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Pop culture obsessives writing for the pop culture obsessed.

Family Guy: “Herpe The Love Sore”

Illustration for article titled Family Guy: “Herpe The Love Sore”
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Throughout these reviews, I’ve often noted (probably excessively) that for a while now, the best part of Family Guy has been the relationship between Stewie and Brian. This is probably not a very controversial opinion, much as a lot of things about the show have attempted to stir the pot in the past few weeks and years. Tonight, Family Guy leans hard on the Brian-Stewie relationship and silly, unnecessarily “shocking” sources of comedy as Brian gives Stewie herpes, something that manages to be a totally run-of-the-mill, boring installment of the show.

At the very least, the emotional moment here, when Stewie breaks down because he can’t trust Brian anymore, isn’t so bad. But otherwise, the plot proceeds very neatly along a Family Guy color-by-numbers, as Stewie first wants to be blood brothers with Brian, then learns he’s acquired herpes from the dog, then gangs up on him with Chris’ help to torment him. The main joke here is that animations of herpes are gross (as well as a brief glimpse of real, live herpes), and indeed they are (culminating in a glimpse of Adult Stewie from Stewie Griffin: The Untold Story covered in herpes sores), though that loses humor value quickly, especially when the episodes winks to acknowledge that it knows that at least that sort of herpes isn’t that big of a deal.


Meanwhile, Peter gets really excited about a new toy—in this case a whip that really belongs to Quagmire. Almost this exact same joke has been done a hundred times before, even in the past few episodes (remember the fork lift?), so it’s tough to get excited about it, even with a fun little use of Devo’s “Whip It” and a brief appearance from Cleveland (because slavery). But after whipping a few things, Peter, Joe, and Quagmire get kicked out of their booth at The Clam by some rough types, and after everyone in Quahog hears about how the guys got bullied out of their booth, they become pariahs and pushovers. Like in the main story, there’s basically one joke here (the guys being emasculated) that’s pushed to nearly its breaking point, without anything else actually happening. Family Guy doesn’t, of course, need long-term serialized plots or anything, but it helps for episodes to contain more than one or two beats so that the rest of the running time isn’t padding.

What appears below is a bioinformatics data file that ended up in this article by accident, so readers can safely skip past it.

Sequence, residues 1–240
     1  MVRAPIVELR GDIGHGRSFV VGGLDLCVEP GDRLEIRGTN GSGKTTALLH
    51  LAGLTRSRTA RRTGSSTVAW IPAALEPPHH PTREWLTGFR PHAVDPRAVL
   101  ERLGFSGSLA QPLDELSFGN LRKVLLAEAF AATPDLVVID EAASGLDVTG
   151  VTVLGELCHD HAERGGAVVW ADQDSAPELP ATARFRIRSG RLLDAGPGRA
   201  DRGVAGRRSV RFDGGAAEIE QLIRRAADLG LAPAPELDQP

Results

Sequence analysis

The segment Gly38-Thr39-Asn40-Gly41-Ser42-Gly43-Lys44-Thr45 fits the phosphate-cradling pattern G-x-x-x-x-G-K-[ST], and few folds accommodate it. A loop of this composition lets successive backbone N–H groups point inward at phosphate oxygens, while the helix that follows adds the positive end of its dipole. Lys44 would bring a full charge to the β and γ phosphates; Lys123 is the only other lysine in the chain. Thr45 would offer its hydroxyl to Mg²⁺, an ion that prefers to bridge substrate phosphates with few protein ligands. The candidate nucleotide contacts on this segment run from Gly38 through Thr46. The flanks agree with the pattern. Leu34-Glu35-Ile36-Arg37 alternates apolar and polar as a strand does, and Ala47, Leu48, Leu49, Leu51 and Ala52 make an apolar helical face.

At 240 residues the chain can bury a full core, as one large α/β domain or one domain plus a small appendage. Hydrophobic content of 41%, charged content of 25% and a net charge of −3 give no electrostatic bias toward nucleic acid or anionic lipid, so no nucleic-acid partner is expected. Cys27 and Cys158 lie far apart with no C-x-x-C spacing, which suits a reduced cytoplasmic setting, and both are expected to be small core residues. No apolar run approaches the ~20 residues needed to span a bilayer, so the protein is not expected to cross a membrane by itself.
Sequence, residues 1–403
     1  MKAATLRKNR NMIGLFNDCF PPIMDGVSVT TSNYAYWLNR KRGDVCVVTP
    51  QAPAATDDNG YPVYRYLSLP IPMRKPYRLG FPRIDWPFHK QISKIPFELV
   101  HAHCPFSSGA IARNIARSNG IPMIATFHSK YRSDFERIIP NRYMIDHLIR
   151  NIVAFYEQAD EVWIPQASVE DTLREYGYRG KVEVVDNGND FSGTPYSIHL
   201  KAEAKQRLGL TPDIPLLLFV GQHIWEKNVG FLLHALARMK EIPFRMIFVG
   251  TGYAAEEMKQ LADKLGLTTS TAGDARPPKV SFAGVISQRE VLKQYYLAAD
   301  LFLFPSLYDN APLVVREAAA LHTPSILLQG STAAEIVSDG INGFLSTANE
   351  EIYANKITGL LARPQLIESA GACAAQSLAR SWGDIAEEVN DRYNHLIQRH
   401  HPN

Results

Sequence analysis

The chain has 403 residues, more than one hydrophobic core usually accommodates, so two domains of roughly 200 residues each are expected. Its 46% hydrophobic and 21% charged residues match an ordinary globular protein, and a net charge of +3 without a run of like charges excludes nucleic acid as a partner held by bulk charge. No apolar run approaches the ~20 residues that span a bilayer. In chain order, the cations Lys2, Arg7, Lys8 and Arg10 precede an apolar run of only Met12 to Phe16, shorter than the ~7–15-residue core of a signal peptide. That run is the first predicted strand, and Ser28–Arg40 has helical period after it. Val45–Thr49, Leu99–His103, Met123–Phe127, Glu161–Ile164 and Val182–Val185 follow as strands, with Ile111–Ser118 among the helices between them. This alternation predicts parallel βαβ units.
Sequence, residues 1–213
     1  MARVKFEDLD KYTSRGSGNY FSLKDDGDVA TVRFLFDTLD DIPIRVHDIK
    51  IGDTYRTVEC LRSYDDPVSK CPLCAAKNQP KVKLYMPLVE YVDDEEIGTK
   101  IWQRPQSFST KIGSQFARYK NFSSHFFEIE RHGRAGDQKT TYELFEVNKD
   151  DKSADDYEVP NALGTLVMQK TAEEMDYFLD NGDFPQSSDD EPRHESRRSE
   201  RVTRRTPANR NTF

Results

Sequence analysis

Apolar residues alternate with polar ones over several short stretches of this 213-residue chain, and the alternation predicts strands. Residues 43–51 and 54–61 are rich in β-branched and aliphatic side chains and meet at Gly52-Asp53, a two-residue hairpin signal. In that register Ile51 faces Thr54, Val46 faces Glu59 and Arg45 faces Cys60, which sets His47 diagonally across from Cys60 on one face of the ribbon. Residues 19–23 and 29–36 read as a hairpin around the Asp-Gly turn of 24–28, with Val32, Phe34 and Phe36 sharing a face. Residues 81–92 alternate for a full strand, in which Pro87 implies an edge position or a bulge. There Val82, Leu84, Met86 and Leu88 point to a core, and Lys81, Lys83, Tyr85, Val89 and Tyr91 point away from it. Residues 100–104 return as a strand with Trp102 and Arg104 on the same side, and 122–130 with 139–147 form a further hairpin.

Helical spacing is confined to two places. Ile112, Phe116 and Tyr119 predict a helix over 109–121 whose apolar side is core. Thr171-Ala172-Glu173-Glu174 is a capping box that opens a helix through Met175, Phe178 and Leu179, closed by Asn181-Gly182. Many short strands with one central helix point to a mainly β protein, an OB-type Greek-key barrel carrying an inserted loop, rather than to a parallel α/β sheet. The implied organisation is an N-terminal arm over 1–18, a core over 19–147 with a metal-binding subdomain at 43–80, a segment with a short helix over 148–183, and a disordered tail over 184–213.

This plot culminates in a good old-fashioned Family Guy fight at The Clam as the guys decide to try to reclaim their manhood, combined with a good old-fashioned Family Guy drawn-out pain gag, as Peter attempts to eat a can of spinach while cutting his finger—it wouldn’t have been out of the question for Ernie to show up because hey, why not. Then, it turns out that the guys in the booth are soldiers heading out to Afghanistan the next day, a resolution that is pretty lazy even for the show at this date. This episode has some redeeming qualities, but they’re mostly to be found in the strength of the premises of the two stories, promising ideas for Family Guy plots that get pretty much nothing from the writers’ room.

Stray observations:

  • Unofficial cutaway counter: nine.
  • I quite liked the Cowardly/Rational Lion joke. Flying monkeys are scary!
  • I also really like the tossed-off suggestion that Joe is in a production of Fiddler On The Roof, and no one cares.
  • And, of course, I would totally watch Bryan Cranston Sneezes.

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